kay, so, Khajuraho Temple – looks like those temples out of the Jungle Book (yeah, already made that comparison). But that’s where the G-rating ends.
Whoever the natives were, they were very open-minded. Their temples showed all manner of court life (unclothed court life) and all manner of sexual configurations (69, three-somes, voyeurism, bestiality). So yeah, I got a lot of pictures. Really, there is something (as an occasional writer of erotica) that these stone-masons of 1000AD captured, the saucy cant of a woman’s hip, her come-hither expression, all that. And did they ever catch it. Honestly, much of it is repeats of earlier scenes in the other complex; one woman adjusts her henna markings (and twists back a leg so erotically) yet you see the same moment captured over and over (woman with a thorn in her foot, woman needing help with an ankle bangle) that you rather get the idea. Still, some moments of raw sexuality there. Worth a look.
Then a rush to the airport to pick up a flight to Varanasi. No problems with the flight – oh, it was rinky-dink with the banana-republic security, the rolling boarding ramps, all that, but a 30 minute plane ride tops a 12 hour bus ride.
This afternoon, we drove over to the Ganges for our special tour of the river by sunset. It was a bit of a problem that the cars had to drop us twenty minutes’ walk away. This doesn’t sound like much, but Varanasi is an Indian city – you must see traffic to believe it. We pushed along a flood of humanity, stepping over deformed beggers, dodging hawkers, shouldering along with natives, all to the singing horns of the traffic. Pushed our way down to the river bank – a hazy purple in the late afternoon glow, the ancient steps packed with worshipers and watchers. Picked up a couple of flowers from a boy, a cup, flowers and a candle in each – these were for sending wishes along the Ganges.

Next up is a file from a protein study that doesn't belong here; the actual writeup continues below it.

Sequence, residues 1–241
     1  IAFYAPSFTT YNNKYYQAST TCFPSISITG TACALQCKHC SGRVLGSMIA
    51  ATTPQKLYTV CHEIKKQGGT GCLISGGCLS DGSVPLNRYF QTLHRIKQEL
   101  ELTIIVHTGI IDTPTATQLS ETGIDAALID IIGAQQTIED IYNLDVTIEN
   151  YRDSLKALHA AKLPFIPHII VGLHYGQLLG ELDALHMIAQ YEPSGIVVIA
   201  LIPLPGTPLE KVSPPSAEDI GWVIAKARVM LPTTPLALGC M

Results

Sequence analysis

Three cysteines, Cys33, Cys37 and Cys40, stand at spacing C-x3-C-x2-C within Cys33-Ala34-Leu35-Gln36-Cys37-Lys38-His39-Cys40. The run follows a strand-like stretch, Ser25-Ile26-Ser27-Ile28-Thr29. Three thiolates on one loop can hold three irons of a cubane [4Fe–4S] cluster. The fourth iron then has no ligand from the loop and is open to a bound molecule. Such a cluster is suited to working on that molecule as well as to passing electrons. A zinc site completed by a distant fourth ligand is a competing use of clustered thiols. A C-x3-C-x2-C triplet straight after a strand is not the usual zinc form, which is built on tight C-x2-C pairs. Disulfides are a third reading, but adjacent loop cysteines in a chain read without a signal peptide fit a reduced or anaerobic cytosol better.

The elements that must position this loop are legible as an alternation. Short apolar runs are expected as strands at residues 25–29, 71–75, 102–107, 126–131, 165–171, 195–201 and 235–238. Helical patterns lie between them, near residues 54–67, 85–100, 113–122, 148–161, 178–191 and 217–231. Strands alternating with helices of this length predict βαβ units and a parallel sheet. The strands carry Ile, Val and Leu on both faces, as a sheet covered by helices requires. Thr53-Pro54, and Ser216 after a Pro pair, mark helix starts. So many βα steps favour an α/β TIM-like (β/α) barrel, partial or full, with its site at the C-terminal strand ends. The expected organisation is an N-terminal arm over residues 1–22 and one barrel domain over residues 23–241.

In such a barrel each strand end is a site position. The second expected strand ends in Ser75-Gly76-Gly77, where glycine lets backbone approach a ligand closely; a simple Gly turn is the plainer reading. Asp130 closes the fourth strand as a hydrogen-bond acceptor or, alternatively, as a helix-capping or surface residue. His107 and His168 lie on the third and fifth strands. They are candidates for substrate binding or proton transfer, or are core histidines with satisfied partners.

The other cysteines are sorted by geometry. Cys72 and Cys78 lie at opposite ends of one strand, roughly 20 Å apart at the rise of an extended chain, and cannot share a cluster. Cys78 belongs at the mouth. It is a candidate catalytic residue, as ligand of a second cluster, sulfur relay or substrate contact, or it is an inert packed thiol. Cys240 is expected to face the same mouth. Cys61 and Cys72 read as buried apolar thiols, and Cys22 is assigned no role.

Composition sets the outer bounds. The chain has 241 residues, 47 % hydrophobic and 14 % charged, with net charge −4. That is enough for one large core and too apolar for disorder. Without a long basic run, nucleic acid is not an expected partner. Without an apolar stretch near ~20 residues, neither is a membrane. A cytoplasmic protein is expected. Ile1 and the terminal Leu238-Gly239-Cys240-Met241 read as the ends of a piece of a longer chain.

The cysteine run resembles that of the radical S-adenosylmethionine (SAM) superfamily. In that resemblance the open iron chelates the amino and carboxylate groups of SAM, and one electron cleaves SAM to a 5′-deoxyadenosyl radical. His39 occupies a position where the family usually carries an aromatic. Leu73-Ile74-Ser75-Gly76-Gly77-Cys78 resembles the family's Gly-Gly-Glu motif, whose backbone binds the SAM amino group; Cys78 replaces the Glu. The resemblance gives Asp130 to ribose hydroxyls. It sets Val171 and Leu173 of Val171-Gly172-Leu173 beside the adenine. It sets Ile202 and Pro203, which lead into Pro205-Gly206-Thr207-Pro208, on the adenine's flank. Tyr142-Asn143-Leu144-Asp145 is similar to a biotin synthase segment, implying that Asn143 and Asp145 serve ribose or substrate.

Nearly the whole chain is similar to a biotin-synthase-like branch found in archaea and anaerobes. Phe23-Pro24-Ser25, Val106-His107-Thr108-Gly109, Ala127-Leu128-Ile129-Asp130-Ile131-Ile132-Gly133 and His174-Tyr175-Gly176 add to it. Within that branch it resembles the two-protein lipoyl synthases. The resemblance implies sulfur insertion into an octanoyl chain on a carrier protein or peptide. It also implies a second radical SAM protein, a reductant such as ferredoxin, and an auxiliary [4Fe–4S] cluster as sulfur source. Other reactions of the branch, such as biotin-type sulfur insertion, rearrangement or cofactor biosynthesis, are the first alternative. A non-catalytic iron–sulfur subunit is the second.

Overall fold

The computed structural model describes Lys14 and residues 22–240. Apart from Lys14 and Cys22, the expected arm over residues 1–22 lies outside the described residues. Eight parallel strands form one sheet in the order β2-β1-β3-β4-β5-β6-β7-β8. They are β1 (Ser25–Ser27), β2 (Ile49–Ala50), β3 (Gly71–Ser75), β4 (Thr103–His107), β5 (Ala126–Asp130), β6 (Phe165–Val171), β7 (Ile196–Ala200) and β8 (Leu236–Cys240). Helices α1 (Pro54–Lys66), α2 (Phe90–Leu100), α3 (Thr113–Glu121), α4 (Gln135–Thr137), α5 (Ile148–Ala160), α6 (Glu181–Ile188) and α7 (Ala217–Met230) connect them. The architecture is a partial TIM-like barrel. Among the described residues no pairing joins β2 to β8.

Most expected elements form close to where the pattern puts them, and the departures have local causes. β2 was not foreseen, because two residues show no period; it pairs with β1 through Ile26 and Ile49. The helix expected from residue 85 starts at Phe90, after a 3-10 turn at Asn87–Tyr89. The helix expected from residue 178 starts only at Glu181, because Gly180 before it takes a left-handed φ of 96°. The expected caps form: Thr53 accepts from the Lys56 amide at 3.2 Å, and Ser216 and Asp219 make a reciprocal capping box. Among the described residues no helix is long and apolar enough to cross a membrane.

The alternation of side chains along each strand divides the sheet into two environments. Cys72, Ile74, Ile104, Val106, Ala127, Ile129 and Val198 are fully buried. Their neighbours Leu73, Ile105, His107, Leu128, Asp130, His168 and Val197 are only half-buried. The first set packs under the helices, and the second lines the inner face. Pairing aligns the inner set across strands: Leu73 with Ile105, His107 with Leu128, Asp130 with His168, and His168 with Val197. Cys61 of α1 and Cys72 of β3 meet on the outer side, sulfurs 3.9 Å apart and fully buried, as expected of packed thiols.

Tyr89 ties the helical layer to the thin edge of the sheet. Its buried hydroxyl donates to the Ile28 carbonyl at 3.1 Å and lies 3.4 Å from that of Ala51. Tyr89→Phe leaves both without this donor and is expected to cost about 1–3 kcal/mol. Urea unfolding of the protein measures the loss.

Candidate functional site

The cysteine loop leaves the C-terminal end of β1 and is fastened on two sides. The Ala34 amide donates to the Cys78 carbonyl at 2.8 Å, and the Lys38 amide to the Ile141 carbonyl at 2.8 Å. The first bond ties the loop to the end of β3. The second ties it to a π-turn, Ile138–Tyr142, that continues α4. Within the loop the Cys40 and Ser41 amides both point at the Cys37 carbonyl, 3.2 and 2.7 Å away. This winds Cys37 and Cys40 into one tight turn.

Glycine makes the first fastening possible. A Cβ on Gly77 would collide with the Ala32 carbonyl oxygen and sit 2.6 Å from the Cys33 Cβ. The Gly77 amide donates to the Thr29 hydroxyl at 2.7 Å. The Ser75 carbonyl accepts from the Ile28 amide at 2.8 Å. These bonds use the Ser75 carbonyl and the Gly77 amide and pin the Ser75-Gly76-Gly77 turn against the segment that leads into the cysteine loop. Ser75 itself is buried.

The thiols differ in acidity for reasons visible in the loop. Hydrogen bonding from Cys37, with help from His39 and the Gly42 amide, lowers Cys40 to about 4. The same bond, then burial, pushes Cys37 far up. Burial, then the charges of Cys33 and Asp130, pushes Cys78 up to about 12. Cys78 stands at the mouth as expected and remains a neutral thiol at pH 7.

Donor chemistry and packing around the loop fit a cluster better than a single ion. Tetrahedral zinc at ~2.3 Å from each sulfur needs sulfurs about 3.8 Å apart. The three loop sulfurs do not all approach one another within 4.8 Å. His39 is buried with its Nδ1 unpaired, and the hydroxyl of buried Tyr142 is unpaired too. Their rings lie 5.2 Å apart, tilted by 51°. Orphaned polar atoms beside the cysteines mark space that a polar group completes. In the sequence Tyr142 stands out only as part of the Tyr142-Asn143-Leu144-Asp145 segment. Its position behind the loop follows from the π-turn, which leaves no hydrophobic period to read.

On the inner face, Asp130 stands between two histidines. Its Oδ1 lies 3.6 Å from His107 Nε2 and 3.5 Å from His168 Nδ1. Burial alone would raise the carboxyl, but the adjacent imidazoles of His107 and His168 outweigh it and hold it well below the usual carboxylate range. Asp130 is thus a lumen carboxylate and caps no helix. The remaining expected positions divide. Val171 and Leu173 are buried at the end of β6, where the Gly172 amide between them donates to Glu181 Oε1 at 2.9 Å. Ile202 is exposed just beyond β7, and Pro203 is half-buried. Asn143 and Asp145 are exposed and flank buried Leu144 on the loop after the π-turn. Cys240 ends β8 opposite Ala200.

Okay, so two swarthy river-rats loaded us into their old wooden boat draped with orange flowers, backing us under long ore/poles into the main body of the slow moving river. We eased north along the bank, threading past boats out to see the night’s happenings. Further along, pyres were bursting against the evening gloom, one, two, three… five – even more. Cremations were taking place all along one section of the bank. Kites fought against a half-mooned evening sky, bats fluttered, mosquitos hummed, the riverboys calling out to each other, clearing down port and starboard.
We held station off the cremations, watching new bodies being brought down, new pyres flaming high. Tiny candles were lit in their cups and set off with a wish. Got mine and JBs lit and we launched them together, watching them flow north, riding into the darkness where all dreams go. A defeated kite fluttered down with a tiny splash further out. Boats rode easy, not two alike.
We poled our way back up to the launching point, only to find a line of Brahmans performing some religious line dance on a lit stage, all the river’s vessels pressing close to watch. The alien music floated over the waters. Tea-boys walked from boat to boat, selling steaming drink by the cup. I looked over my shoulder and saw a female Indian boat girl facing away, tending to an oar. She turned to reveal that she was in advanced pregnancy. I realized that at that moment I was looking at true India.
Eventually we got ashore – then came the crazy walk back, the scooters, auto rickshaws and cars flooding past uncaring pedestrians. Once again we had to push through intersections so clogged with honking cars that one had to turn sideways and slide between scooters, rubbing against the drivers. We got to the curbing – the woman before me (one from our tour) stopped dead. Just off her line-of-march, a shadowy patch of muddy ground, a dead dog lying there. There we stood, traffic chaosing past, and she’s locked up over the dog. “Keep moving,” I said firmly and gave her a gentle push. I didn’t want to lose sight of the guide. That would be death. I’d never get home.
But I did, following a crazy drive home, including a dust-roostering shortcut through a slum. Finally we made it. Retired to the hotel restaurant for Fish and Chips, too much beer, then back to the room. As I write this, fireworks are banging from a nearby Indian wedding and car horns ring in the night.
We’re going to see another Ganges tomorrow, hopefully a calmer version, when the sun rises.